Oscar shorts come to the Landmark Oriental

Every year, the Academy Awards roll around and inspire speculation among would-be movie buffs about who should, who will and who won’t get the industry’s top awards.

"That Wasn't Me" is nominated for Best Live Action Short. Photo via blacksheepreviews.com
“That Wasn’t Me” is nominated for Best Live Action Short. Photo via blacksheepreviews.com

While many people do their best to see as many of the movies nominated for “Best Picture” or “Best Foreign Film,” the short films are often overlooked. It’s a shame, because short films offer a diverse snapshot of artists’ work from across the globe. They tell stories that have just as much (if not more) of an impact as the two-hour features that make up most of popular cinema. 

Through Feb. 20, the Landmark Oriental is showing the Oscar nominees in both short films categories, animated and live action. Knowing not all readers will want to trample through the snow all the way over to Farwell Avenue, Marquee reviewed the nominees from each category and made predictions on who deserves the Oscar for Best Short Film.

Animated

“Possessions” is a charming and fantastical Japanese cartoon that ponders what happens to discarded materials after a man takes shelter in a strange shrine in the middle of a jungle. Ordinary old objects come to life, and the protagonist finds a way to respectfully and decisively put them to rest. If only it were that easy to take care of all the clutter in our own lives.

The most traditional of the Animated Shorts, “Room on the Broom,” feels the most out of place among the other films nominated this year. Based off of a children’s book, this simple fairy tale follows a witch and her pet animals. It lacks the depth of the other animated features, but does a better job at charming children than the rest of the shorts in the category.

The only exception to that is Disney’s “Get a Horse!,” which made for a visually appealing and entertaining piece before theatrical showings of “Frozen.” With nostalgic drawing techniques, it feels like a throwback to early Mickey Mouse cartoons but takes a different turn as Mickey and company shatter the fourth wall, spilling out into the theater. The cartoon is Mickey Mouse’s first feature animated short since 1995, bringing the beloved mouse into the CGI landscape of the 21st century. 

In “Feral,” a wild boy in the wilderness turns out to be more wolf than man.  A hunter finds him and brings him to civilization, where he attempts to adapt. Trying to reconcile being human and wolf isn’t easy, but the boy eventually finds a different path to follow. As the most abstract of all the shorts, with the only dialogue coming through the howling of the wolves, the film leaves you with a sense of melancholy not quick to disappear.

Short that should win

“Mr. Hublot” is a French film about a man and his metal dog in a steampunk-inspired world. It is a visual masterpiece with mechanical oddities that make the world cold and uncaring, but it also gives viewers a fascinating curiosity to behold. Title character Mr. Hublot deals with his compulsive habits while finding a way to change himself. Lonely but hopeful, this animated short has an emotional weight that makes it feel especially worthwhile.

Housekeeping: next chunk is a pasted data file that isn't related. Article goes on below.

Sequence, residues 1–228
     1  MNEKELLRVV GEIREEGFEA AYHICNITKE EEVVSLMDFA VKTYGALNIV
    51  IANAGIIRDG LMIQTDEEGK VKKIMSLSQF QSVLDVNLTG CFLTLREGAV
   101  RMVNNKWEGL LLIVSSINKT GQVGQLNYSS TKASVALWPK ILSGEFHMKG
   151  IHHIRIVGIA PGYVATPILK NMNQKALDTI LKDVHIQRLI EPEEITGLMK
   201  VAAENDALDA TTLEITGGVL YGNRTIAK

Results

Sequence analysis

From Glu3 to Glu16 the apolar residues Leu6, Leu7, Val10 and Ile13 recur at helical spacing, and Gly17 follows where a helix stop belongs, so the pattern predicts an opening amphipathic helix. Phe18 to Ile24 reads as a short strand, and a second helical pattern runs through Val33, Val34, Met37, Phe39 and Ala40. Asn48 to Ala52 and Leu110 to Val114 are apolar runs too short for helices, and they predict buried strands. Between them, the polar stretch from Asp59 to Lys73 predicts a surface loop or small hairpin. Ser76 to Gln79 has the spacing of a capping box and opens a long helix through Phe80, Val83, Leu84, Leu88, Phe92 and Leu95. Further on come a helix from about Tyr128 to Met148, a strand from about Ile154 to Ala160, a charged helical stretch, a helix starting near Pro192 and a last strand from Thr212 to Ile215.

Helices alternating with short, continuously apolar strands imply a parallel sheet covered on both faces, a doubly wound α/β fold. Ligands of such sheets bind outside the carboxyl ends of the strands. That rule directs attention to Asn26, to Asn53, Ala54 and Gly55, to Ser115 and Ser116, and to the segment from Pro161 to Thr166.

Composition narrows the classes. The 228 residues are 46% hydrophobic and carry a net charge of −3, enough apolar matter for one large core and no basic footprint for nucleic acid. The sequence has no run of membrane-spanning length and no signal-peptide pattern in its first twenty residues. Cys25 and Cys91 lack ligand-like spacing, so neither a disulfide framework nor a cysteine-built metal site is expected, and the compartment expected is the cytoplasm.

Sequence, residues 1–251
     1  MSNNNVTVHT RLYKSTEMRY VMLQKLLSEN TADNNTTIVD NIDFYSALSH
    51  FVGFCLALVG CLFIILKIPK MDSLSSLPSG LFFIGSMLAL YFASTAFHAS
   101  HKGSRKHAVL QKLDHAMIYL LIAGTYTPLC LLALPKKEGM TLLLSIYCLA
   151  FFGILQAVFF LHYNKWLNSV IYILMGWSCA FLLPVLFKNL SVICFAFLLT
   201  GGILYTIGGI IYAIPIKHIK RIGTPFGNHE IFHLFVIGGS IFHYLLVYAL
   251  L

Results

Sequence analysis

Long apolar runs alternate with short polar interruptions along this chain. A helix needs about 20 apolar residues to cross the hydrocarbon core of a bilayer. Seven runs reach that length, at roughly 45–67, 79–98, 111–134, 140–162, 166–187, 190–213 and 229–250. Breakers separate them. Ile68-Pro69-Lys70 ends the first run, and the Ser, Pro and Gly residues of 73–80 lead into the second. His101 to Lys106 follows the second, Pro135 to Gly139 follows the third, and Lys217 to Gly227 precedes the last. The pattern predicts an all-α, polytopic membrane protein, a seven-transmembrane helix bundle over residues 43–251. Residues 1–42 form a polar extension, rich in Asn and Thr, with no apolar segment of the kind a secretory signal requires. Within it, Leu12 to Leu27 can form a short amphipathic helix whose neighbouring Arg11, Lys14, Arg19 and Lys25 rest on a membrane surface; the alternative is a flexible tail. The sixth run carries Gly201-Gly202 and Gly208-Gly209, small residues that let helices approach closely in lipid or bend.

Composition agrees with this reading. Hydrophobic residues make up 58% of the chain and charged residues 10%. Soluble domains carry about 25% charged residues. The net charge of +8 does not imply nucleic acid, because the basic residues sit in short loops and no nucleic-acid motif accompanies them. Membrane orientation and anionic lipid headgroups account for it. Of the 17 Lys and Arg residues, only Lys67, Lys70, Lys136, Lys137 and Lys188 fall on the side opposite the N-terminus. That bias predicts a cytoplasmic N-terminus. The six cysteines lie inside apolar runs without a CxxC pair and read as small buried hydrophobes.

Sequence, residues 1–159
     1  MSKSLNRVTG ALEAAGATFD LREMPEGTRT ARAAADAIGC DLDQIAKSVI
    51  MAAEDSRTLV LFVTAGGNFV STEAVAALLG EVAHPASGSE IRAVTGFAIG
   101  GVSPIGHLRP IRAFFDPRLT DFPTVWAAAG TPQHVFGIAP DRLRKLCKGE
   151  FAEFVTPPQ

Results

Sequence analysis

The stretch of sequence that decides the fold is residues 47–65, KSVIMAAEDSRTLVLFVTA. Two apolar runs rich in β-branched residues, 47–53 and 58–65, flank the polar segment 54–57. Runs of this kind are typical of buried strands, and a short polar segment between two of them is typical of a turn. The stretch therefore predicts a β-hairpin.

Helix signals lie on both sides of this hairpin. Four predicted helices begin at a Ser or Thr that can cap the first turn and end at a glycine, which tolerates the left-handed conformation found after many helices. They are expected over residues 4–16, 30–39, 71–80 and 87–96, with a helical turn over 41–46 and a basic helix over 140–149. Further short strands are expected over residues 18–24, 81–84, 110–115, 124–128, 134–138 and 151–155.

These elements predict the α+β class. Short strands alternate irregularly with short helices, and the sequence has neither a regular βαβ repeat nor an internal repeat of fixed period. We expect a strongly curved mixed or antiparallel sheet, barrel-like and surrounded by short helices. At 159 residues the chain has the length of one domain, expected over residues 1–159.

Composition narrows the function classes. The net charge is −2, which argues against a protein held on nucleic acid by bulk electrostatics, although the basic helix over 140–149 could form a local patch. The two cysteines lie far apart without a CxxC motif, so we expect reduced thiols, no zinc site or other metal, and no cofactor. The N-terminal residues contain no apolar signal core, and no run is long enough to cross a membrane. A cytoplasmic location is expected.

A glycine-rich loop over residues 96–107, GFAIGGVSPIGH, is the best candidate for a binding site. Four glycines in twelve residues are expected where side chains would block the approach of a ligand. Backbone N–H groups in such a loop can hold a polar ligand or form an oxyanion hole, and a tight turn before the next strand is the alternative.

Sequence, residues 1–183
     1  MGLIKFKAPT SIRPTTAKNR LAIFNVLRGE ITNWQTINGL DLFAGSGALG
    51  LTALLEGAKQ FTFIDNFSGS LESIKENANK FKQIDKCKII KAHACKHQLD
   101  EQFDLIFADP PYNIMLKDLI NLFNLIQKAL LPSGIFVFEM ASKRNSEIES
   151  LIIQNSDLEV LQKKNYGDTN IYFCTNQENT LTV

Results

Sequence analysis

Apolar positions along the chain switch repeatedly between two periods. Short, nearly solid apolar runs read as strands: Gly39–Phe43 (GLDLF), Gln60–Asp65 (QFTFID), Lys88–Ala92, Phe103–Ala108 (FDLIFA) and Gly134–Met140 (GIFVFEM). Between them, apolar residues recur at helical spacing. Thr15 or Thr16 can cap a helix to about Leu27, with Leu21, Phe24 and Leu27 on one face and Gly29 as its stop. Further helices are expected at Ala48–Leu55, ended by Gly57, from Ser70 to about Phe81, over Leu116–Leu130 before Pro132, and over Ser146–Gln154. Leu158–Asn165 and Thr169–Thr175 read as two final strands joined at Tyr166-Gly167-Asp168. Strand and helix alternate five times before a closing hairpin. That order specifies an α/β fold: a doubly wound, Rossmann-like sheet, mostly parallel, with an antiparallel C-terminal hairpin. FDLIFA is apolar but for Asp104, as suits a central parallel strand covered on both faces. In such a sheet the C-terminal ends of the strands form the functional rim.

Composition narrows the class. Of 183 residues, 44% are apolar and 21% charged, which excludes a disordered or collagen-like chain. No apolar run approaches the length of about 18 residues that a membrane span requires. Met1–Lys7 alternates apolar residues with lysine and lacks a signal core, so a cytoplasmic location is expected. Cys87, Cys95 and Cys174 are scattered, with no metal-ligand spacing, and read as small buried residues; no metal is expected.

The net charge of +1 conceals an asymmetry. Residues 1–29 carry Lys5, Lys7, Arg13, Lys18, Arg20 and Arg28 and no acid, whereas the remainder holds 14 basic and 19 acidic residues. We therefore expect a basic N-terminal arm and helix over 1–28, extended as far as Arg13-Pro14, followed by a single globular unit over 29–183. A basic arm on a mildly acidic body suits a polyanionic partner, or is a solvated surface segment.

Live Action

Martin Freeman (“The Hobbit,” “Sherlock”) stars in “The Voorman Problem” as a psychologist called into a British prison to evaluate a patient, the title character Voorman (Tom Hollander), who claims to be a god. Freemen struggles to reason with the convincing inmate, and later discovers Voorman brought all of the prisoners into his own cult of personality and religion. Absurdist and surreal, “The Voorman Problem” is one of the lighter pieces in the live action category.

“Do I Have to Take Care of Everything?,” a wacky Finnish short, is the briefest of the bunch. It tells the tale of a family traveling to a wedding and its many mishaps along the way – all in only seven minutes. Think dysfunction in a similar vein to “Little Miss Sunshine” but minus the originality and depth that made that film so endearing.

Another family piece, but with a much more serious storyline, is “Just Before Losing Everything.” The lead character, Miriam (Léa Drucker), plans to flee from her husband (Denis Ménochet of “Inglourious Basterds”) with her two children. As she prepares to leave at the supermarket where she works, her husband shows up, making her escape more difficult and bringing the family’s problems to the surface.

The conflict in the Danish film “Helium” is evident from the beginning. An orderly at a hospital caring for a terminally ill child brings hope to the young boy’s life with his stories about a world waiting beyond the clouds and all the people waiting for him there. As the most sentimental of the films nominated, “Helium” is still compelling, even though it belongs in a volume of “Chicken Soup for the Soul.”

Short that should win

The Spanish film, “That Wasn’t Me,” is the darkest of the nominated shorts, providing an uncompromising examination of child soldiers in Africa. It shows the trauma inflicted on the kids and adults trying to save them. The humanity lost on both sides of the struggle is evident through flashbacks to the events leading to the liberation of a child soldier named Kaney.